Goal-Setting and LD: Enhancing Skills for Success in Life
When it comes to success in life, academic achievement is certainly important, but it can only take you so far. If you don’t know what you're good at, for example, how can you pick a major in college or choose a career path? If you don’t have the ability to deal with a frustrating professor or boss, what kind of grades or raises will you achieve? And, if you can’t stick with a goal, how far will you really get in life?
Research has identified factors that tend to lead to life success for individuals with LD. Here, we look at the critical value of goal setting.
A Parent’s Role With Children’s Goals
Paul J. Gerber, PhD, professor of Special Education and Disability Policy at the Virginia Commonwealth University in Richmond, VA, says that goal setting helps focus a person’s energy, making it central to success. Parents can play a pivotal role in the development of this skill. “They can help not only with goal setting but with analyzing, monitoring and providing motivation along the way,” he says.
Here are some general guidelines to keep in mind:
- Be a goal-setter, too. Model the type of goal setting you want to see in your child. As you set goals, tell your child about them as well as the specific steps you’re taking to reach them. If you’re starting a new exercise regimen, casually mention your weekly and long-term goals. When you hit your targets, make a big deal of it. But don’t forget to mention the bumps in the road and what you are doing to surmount them.
- Make goal-setting a habit. Planning a long trip? Bring your child into the process, by asking questions like, “What are the top three things you want to see on this trip?” “What are two things you can do when you get tired in the car (or your sister really starts to bug you)?”, “What is one thing you can try to address your fear of flying?” Then ask for ways you can help your child meet these goals.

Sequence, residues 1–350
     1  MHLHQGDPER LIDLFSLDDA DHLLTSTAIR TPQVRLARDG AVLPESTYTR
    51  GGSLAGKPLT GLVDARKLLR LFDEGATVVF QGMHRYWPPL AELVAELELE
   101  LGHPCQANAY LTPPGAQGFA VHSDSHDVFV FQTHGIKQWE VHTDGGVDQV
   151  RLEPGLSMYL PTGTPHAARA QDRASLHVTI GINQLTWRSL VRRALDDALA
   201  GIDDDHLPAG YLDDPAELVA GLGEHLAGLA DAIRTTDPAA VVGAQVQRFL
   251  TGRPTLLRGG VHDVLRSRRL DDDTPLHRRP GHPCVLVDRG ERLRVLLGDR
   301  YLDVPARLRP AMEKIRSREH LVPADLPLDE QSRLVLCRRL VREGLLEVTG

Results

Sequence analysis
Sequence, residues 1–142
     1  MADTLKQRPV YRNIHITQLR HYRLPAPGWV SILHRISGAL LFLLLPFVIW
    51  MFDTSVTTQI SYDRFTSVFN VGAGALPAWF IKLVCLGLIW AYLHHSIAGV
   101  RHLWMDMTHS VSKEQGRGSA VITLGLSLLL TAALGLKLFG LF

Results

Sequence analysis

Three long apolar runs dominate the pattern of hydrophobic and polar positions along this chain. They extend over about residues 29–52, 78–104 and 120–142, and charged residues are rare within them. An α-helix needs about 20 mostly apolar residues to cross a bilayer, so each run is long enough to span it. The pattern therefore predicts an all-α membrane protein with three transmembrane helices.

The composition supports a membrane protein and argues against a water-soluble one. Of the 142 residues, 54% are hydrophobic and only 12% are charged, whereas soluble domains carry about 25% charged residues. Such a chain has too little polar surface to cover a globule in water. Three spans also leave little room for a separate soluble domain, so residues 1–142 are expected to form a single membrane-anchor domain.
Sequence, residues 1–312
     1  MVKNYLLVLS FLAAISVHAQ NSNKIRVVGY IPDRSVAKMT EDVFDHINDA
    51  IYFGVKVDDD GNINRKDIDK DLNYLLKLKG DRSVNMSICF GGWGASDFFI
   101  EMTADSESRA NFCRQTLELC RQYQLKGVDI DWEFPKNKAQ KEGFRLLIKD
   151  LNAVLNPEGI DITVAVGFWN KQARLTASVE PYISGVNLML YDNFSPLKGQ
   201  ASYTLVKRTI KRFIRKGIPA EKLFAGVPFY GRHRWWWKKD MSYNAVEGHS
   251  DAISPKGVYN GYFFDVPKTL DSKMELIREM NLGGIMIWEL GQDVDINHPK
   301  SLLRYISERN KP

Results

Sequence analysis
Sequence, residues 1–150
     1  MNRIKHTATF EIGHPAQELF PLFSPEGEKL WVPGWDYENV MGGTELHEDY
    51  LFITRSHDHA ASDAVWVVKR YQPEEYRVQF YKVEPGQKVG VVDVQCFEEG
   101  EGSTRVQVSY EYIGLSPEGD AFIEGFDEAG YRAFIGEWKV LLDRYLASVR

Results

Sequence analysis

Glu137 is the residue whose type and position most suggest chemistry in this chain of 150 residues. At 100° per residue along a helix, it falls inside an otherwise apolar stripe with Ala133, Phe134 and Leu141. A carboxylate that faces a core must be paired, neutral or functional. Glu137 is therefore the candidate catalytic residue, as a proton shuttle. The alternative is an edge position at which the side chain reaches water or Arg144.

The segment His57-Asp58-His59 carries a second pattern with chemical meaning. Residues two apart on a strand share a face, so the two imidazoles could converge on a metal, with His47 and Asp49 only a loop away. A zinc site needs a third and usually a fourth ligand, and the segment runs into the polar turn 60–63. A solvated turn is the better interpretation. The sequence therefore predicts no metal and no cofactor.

- Tie goals into dreams. The more you can connect your child’s goals to his or her passions, the better. With your child’s buy-in comes more motivation and a much greater chance of success.
- Inspire self-confidence. Coach, cheerlead and celebrate successes. When your child succeeds in reaching a goal, ask him or her what made the difference. This helps your child internalize what he or she needs to do to carry over the skill to the next experience.
- Help overcome obstacles. Gerber emphasizes that failing to meet goals may be disappointing, but can provide invaluable lessons for your child. Rather than ignoring the failure or berating your child for lack of follow through, help him or her to systematically pinpoint the specific obstacles that got in the way. “If your child fails, help him or her to come back and reboot and do it a different way that will work better next time,” he says.
Help Your Child Create SMART Goals
Have you heard of SMART goals? SMART goals provide a great framework for achieving objectives—a ruler for measuring growth. SMART goals are: